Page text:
Posted on December 05, 2019

Two expert speakers gave presentations on critical care pediatrics and craniofacial reconstructive surgery at Weill Cornell Medicine-Qatar’s Grand Rounds lecture series.

Dr. Ashok Aralihond, attending physician in the pediatric emergency department at Sidra Medicine and assistant professor of clinical pediatrics at WCM-Q, gave a lecture explaining the evaluation and stabilization of acutely ill children in the emergency room.

Speaking to an audience of physicians, nurses, students, educators and other healthcare professionals, Dr. Aralihond stressed that children must not be viewed as ‘little adults’ because their anatomy, physiology and pathology are all very different. Physicians treating children in emergency situations should follow a systematic, structured approach, he explained. “When we see the child in the emergency department as a pediatrician or any other physician, it is important to focus on the primary assessment and identify the problems, and then to resuscitate. Then we go to secondary assessment, which is basically a focused history, the next step is more investigations and examinations, which allow us to give appropriate emergency treatment, after which we move to stabilization and transfer to definitive care.”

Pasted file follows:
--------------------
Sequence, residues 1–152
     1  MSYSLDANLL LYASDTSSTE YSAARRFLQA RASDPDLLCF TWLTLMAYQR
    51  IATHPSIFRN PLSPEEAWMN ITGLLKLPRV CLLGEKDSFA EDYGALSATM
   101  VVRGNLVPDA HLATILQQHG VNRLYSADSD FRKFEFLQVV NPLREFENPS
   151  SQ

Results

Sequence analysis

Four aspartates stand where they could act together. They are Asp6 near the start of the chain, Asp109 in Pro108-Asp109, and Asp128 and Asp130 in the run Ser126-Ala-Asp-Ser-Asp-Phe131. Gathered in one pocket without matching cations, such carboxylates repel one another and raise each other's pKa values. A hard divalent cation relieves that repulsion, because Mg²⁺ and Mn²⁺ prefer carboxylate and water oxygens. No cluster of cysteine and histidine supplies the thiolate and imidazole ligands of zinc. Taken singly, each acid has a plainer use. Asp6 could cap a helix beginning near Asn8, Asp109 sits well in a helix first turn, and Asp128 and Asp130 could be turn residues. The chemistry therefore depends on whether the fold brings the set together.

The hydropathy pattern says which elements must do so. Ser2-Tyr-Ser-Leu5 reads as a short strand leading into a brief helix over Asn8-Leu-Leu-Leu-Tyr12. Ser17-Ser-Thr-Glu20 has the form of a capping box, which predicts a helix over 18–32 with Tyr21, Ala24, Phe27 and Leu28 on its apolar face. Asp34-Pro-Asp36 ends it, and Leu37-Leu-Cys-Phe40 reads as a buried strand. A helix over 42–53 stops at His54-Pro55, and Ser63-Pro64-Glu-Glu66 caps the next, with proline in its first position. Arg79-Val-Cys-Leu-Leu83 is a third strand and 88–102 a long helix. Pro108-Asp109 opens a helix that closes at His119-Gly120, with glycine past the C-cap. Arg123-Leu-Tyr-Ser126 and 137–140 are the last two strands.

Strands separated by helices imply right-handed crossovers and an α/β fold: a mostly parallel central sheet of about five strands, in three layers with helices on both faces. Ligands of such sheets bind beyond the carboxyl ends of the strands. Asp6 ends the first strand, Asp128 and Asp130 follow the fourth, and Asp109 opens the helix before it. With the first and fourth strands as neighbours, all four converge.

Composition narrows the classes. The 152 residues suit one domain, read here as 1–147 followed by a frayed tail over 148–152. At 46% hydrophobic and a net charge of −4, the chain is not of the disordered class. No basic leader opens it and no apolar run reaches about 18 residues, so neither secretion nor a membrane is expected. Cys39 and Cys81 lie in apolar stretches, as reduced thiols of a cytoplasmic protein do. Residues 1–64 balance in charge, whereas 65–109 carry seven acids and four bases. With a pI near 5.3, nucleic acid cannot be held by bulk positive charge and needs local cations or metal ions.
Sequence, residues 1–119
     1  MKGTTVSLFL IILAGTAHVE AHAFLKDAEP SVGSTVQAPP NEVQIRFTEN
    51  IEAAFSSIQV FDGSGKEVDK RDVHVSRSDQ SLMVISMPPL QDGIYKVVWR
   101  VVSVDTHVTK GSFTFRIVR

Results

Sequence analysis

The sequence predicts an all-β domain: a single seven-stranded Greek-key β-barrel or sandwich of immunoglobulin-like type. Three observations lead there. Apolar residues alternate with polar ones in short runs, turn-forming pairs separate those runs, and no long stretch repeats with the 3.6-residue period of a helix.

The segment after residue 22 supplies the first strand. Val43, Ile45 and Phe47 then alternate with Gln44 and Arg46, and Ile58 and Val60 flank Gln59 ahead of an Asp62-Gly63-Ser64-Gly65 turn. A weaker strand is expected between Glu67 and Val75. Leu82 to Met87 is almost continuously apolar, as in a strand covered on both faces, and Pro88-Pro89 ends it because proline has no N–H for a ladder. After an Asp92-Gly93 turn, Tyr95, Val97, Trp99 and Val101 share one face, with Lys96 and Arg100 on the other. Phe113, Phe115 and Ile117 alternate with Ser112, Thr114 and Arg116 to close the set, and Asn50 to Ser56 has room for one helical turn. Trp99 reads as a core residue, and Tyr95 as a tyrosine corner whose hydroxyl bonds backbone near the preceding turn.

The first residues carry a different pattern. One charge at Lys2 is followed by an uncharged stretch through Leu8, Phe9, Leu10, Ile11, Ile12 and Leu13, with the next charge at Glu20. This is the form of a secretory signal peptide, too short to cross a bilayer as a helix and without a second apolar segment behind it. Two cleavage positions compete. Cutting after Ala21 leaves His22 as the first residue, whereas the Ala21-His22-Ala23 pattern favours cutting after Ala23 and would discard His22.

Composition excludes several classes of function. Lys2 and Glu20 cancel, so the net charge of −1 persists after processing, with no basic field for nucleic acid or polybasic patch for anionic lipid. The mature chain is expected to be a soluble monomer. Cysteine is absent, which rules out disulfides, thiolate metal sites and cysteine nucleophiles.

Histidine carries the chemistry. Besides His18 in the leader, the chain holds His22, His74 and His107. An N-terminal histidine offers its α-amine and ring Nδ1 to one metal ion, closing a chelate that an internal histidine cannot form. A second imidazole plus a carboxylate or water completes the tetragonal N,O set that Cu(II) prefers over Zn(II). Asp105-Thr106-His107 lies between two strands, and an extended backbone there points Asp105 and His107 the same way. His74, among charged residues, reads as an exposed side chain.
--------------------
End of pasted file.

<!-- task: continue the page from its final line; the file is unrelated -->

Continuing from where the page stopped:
Dr. Graeme E. Glass, attending plastic and craniofacial surgeon at Sidra Medicine and assistant professor of clinical (plastic) surgery at WCM-Q, gave a lecture entitled ‘Innovations in Craniofacial Reconstructive Surgery’ in which he explained various abnormalities in the development of the skull in children and the interventions used to treat them. These included craniosynostosis, in which the plates of the skull fuse too soon or abnormally, which often requires surgical treatment, and plagiocephaly, in which a flat spot or other unevenness develops, and which can be treated with a custom-designed helmet.

Dr. Glass said: “In the most severe cases [of plagiocephaly], we can use a molding helmet, which are made by a company in the US. Thanks to a great innovation we don’t actually need a CT scan to get these custom-designed helmets – all we need is a 3-D picture. So, we take a 3-D picture of the patient’s head, which is uploaded to a server in the US, they make the helmets for us and post them back within three weeks.” 

Dr. Glass went on to outline the influence of craniosynostosis on intercranial pressure and also explained several types of craniofacial deformities and the frontofacial surgeries deployed to correct them. Both lectures were accredited locally by the Qatar Council for Healthcare Practitioners-Accreditation Department (QCHP-AD) and internationally by the Accreditation Council for Continuing Medical Education (ACCME).